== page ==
Builds confidence - One of the main benefits of peer mentoring is that it helps mentees build confidence. With someone to guide them, mentees feel less insecure and more prone to ask questions.
Examples of peer mentoring
Peer mentoring can take many different forms, but some common examples include:
A more experienced employee mentoring a newer employee at their company
A recent college graduate mentoring a high school student who is interested in going to college
A group of employees mentoring each other on how to be more effective communicators
How to set up a peer mentoring program that brings success
If you are interested in setting up a peer mentoring program at your workplace, there are a few things to keep in mind.
First, consider what the objectives of the program are. Do you want to improve communication among employees? Decrease employee turnover? Enhance creativity and innovation?
Once you have decided on the goals, you need to identify who will be participating in the program. Will it be open to all employees, or just certain departments? What are the criteria for selection?
Next, you need to create a plan for how the mentoring relationship will work, including how often they will meet and what topics they will discuss. Creating guidelines for both mentors and mentees will manage their expectations and increase satisfaction. Learn as much as you can about mentoring and the different types of mentoring programs. This will help you learn about best practices and identify ideas for your own.
Providing training for mentors on how to effectively communicate and connect with mentees is necessary to implement those guidelines into practice.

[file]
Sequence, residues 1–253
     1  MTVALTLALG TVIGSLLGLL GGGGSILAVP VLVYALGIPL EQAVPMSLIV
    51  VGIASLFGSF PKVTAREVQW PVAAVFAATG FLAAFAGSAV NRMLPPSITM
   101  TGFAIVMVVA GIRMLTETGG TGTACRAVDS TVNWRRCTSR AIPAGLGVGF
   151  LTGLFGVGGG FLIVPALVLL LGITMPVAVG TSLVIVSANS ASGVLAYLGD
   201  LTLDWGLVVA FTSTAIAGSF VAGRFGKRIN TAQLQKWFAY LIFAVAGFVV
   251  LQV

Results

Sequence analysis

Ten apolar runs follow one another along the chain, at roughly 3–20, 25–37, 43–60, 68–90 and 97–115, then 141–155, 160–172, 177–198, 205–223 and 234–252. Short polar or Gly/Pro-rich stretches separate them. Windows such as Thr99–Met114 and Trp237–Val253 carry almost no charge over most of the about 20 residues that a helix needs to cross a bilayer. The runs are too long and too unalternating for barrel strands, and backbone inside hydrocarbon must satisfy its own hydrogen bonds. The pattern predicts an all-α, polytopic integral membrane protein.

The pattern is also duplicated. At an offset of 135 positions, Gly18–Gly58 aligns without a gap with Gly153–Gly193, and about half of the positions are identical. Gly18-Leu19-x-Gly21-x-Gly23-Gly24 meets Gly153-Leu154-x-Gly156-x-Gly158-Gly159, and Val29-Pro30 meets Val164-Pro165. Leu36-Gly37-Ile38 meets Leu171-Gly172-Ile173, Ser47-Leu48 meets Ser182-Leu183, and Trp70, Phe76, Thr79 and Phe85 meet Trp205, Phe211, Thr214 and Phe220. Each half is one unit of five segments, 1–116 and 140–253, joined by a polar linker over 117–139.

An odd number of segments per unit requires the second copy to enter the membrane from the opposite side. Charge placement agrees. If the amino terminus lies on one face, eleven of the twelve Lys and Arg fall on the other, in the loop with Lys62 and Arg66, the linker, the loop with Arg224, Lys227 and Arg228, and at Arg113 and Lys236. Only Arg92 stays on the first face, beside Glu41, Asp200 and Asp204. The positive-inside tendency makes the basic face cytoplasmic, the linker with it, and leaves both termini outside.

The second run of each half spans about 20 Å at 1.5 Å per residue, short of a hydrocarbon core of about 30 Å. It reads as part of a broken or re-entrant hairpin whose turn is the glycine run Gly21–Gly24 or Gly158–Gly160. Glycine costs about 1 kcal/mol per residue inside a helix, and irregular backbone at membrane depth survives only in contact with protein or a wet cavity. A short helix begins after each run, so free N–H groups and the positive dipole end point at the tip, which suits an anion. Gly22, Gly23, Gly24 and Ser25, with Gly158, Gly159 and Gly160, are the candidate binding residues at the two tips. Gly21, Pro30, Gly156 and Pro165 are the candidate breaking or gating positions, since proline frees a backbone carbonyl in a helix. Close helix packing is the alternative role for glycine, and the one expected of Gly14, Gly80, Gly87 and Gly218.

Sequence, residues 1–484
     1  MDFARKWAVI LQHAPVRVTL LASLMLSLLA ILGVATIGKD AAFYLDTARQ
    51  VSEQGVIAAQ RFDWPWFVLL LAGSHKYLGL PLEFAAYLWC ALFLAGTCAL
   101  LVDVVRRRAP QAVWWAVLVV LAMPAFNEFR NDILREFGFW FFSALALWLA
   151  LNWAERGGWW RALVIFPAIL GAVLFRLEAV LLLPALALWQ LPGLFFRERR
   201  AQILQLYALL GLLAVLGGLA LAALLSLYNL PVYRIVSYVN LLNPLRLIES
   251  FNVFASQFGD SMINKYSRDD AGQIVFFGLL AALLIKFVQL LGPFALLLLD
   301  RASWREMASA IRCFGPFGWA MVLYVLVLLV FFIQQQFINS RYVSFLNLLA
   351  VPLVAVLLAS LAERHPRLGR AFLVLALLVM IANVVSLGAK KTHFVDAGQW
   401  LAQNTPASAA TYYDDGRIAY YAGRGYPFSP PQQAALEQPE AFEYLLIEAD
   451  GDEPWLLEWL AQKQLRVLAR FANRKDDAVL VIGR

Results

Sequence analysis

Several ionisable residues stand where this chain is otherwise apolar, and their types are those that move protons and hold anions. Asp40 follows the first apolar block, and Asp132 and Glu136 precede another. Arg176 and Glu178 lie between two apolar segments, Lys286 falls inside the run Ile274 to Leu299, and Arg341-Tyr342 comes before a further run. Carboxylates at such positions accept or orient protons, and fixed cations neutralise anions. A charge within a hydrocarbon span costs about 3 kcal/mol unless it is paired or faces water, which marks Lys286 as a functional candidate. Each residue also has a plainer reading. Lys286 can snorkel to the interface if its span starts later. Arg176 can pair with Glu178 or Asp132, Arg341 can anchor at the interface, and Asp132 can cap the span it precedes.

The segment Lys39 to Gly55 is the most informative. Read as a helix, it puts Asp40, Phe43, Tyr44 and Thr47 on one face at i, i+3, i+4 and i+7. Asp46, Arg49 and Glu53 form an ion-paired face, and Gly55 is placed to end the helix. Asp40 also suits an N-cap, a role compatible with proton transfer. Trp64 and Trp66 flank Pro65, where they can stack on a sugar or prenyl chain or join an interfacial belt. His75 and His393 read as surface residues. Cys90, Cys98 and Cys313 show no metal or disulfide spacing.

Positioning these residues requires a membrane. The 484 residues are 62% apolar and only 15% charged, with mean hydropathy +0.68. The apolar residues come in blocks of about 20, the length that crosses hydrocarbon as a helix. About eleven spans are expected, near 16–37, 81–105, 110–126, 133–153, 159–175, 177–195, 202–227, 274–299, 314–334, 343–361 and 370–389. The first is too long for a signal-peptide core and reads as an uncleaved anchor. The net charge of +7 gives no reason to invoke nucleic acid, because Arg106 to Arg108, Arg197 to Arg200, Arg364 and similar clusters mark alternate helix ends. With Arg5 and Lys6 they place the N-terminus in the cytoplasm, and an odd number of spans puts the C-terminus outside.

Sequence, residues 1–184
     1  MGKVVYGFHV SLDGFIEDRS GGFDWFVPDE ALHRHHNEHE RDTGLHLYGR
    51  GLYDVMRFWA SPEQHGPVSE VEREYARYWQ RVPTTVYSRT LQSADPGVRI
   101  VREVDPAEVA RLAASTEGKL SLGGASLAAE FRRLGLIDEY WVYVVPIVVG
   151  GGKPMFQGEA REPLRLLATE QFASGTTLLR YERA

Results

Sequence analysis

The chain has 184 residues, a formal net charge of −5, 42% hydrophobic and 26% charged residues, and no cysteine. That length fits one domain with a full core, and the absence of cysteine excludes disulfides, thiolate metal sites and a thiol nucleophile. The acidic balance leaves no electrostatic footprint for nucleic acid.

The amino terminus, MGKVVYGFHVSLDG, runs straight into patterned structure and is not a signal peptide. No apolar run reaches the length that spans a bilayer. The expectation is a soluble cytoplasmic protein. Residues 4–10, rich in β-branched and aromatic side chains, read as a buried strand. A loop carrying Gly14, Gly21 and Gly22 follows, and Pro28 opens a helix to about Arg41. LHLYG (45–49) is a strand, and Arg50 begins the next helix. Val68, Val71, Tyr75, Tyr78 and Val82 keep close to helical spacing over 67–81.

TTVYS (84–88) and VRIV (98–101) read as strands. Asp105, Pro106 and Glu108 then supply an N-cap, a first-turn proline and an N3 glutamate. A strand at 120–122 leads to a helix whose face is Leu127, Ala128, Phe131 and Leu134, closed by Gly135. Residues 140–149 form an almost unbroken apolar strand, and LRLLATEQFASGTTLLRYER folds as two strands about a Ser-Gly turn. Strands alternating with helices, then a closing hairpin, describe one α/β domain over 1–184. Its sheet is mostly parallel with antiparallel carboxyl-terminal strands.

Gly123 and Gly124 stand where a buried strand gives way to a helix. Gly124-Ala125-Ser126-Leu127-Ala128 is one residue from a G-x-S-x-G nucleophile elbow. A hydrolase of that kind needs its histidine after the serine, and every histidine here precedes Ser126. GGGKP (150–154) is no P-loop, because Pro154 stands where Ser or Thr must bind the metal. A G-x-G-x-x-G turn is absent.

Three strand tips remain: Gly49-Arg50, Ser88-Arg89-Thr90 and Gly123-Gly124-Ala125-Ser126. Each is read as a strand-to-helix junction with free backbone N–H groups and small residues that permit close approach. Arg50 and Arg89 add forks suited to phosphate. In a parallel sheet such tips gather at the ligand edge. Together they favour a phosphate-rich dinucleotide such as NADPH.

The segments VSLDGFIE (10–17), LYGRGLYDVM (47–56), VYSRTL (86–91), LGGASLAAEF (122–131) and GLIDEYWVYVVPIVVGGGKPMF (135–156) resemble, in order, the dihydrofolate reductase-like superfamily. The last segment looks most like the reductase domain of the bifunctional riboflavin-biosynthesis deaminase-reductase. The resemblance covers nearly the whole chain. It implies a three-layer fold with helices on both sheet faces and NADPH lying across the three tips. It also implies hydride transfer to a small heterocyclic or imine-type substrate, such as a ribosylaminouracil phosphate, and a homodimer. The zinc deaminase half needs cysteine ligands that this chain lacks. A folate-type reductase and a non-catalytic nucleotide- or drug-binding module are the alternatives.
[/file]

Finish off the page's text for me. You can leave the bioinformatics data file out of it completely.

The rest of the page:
You also need to develop a plan for how the mentorship pairs will be matched. Will it be done randomly, or will there be specific criteria that mentees and mentors need to meet? For example, you may want to match peers from different departments in order to increase the interdisciplinary exchange in the company. Or after a merger, you might want to match the employees from formerly different companies to start building bridges between the cultures.
However, you do the matching, it is important to assign a mentor who is willing and able to commit to the program. The mentor should be someone with experience in the field or area that you want to learn about.
Monitoring the mentoring relationships on a regular basis is necessary - especially in the context of DEI (Diversity, Equity, and Inclusion). This can be done through surveys, interviews, or focus groups.
After the mentoring program has ended, it is important to evaluate the success with individual anonymous feedback from each participant - on both, the mentoring program and the mentor matching itself.
If you follow these tips, you can create a successful and impactful peer mentoring program in your workplace. If you are looking for a complete overview you might find our ultimate mentoring program to-do list helpful.
Mentoring has been shown to be an effective way to support employees in developing their careers. A mentoring program can provide many benefits for both the mentee and the mentor, including improved job satisfaction, increased motivation, and better performance. While that’s true practicing mentoring skills and having motivated peer mentors on board can make or break the experience. Who do you want to be as a mentor?